Dietary, physical activity, and weight management interventions among active-duty military personnel: a systematic review

Ahmad M. Malkawi*, Ree M. Meertens, Stef P. J. Kremers, Ester F. C. Sleddens

*Corresponding author for this work

Research output: Contribution to journal(Systematic) Review article peer-review


BackgroundResearch has been conducted to assess the effectiveness of weight management, dietary and physical activity interventions in military settings. However, a recent and comprehensive overview is lacking. The aim of this systematic review is to examine the evidence and describe key components of effective interventions in terms of improving body composition, dietary behaviors, and physical activity among active-duty military personnel.MethodsPubMed, PsycInfo, and CINAHL were searched on the 17th of November 2017 to identify interventions that promoted diet and/or physical activity among active-duty military personnel. Studies were included if they assessed outcomes related to anthropometric measurements, dietary behaviors, or fitness/physical activity levels. There were no restrictions regarding publication date, follow-up duration, and sex. After screening, a total of 136 studies were eligible. Of these studies, 38 included an educational and/or behavioral change component, and 98 had only physical or fitness training as part of basic military training. Only studies that included an educational and/or behavioral change component were assessed for quality using the Effective Public Health Practice Project tool and included in the qualitative synthesis of the results.ResultsBased on consistent evidence from studies that were rated as moderate or strong, there is good evidence that military weight management interventions are effective in improving body composition for durations of up to 12months. Effective interventions are more likely to be high intensity (have a greater number of sessions), are more often delivered by specialists, and use theoretical base/behavioral change techniques and a standardized guideline. Dietary interventions can potentially reduce total fat and saturated fat intake. Dietary interventions that target the kitchen staff and/or increase the availability of healthy food are more likely to be effective in the short term. The results regarding military physical fitness interventions were inconclusive.ConclusionDespite limitations such as the diversity and heterogeneity of the included interventions, outcome measurements, and follow-up duration, this systematic review found good evidence that weight management interventions are effective, especially in terms of weight loss. More studies are needed to acquire solid evidence for effectiveness for durations longer than 12months and to identify key components of the effective dietary and physical activity educational and/or behavioral change interventions, especially in countries outside Europe and the US.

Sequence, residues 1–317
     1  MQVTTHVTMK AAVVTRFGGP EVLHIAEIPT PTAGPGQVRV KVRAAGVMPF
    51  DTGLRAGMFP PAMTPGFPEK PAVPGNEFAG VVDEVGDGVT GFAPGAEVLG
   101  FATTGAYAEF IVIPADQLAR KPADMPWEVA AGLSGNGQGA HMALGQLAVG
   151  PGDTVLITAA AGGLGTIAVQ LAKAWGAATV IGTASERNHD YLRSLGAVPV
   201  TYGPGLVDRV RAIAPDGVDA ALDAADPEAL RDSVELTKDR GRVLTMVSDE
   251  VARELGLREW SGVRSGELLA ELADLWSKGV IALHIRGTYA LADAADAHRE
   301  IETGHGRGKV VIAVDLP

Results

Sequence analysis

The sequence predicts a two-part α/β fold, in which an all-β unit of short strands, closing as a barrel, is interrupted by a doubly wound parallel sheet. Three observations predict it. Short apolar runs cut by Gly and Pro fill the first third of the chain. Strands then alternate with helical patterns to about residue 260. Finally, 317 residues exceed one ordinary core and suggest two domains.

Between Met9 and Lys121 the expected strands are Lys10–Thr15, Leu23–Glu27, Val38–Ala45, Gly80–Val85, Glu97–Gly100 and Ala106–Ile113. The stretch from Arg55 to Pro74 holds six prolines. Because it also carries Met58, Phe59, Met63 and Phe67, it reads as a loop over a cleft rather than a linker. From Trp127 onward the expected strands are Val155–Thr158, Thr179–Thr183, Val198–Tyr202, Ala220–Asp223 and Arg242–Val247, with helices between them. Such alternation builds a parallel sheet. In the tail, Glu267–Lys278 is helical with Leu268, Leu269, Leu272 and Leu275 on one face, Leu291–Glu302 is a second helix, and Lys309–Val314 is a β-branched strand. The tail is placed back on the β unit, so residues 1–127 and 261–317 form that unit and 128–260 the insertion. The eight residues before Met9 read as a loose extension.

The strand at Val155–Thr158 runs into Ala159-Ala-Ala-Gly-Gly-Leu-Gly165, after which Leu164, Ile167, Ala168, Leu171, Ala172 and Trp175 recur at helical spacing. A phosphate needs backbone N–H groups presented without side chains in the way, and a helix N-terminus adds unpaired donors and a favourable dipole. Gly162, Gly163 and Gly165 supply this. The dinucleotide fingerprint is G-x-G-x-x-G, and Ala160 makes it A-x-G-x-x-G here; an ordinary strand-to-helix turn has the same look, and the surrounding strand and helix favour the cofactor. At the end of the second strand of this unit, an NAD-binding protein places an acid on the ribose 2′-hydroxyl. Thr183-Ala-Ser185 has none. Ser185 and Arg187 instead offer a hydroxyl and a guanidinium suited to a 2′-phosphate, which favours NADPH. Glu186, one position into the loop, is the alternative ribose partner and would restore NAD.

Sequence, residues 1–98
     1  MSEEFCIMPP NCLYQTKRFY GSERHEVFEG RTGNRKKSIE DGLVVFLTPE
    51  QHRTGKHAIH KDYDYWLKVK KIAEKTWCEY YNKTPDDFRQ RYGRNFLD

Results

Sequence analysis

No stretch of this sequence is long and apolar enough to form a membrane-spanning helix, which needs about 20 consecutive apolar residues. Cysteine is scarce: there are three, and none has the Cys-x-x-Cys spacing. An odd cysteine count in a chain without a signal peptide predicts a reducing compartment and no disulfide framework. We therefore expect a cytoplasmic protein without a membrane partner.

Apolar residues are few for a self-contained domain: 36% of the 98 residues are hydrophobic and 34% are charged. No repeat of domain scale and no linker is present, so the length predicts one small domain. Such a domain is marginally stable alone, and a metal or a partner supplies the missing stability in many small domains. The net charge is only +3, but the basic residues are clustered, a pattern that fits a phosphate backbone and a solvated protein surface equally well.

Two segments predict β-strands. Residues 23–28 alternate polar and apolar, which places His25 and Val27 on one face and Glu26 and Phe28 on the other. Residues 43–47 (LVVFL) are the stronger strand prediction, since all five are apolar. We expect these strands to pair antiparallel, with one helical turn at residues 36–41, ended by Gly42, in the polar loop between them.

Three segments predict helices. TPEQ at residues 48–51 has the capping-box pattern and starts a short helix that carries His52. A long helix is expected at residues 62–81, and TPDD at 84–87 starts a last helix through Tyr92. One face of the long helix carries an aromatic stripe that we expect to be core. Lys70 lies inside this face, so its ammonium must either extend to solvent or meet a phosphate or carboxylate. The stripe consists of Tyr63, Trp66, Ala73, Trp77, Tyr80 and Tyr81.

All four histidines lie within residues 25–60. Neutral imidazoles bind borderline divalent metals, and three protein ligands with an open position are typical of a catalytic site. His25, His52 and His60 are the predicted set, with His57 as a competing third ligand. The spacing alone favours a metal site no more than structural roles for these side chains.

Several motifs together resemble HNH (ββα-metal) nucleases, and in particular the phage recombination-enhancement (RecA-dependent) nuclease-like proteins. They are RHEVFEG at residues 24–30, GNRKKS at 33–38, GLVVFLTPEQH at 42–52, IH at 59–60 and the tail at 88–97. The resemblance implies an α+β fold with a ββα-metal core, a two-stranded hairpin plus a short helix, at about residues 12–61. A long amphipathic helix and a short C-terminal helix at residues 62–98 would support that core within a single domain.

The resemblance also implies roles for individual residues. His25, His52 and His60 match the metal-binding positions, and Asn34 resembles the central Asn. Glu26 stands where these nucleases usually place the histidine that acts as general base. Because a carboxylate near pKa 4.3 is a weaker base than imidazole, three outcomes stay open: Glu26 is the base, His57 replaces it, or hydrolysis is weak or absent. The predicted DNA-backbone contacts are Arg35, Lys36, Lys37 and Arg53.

Original languageEnglish
Article number43
Number of pages12
JournalMilitary Medical Research
Publication statusPublished - 24 Dec 2018


  • Dietary
  • Physical activity
  • Weight loss
  • Interventions
  • Military
  • Systematic review

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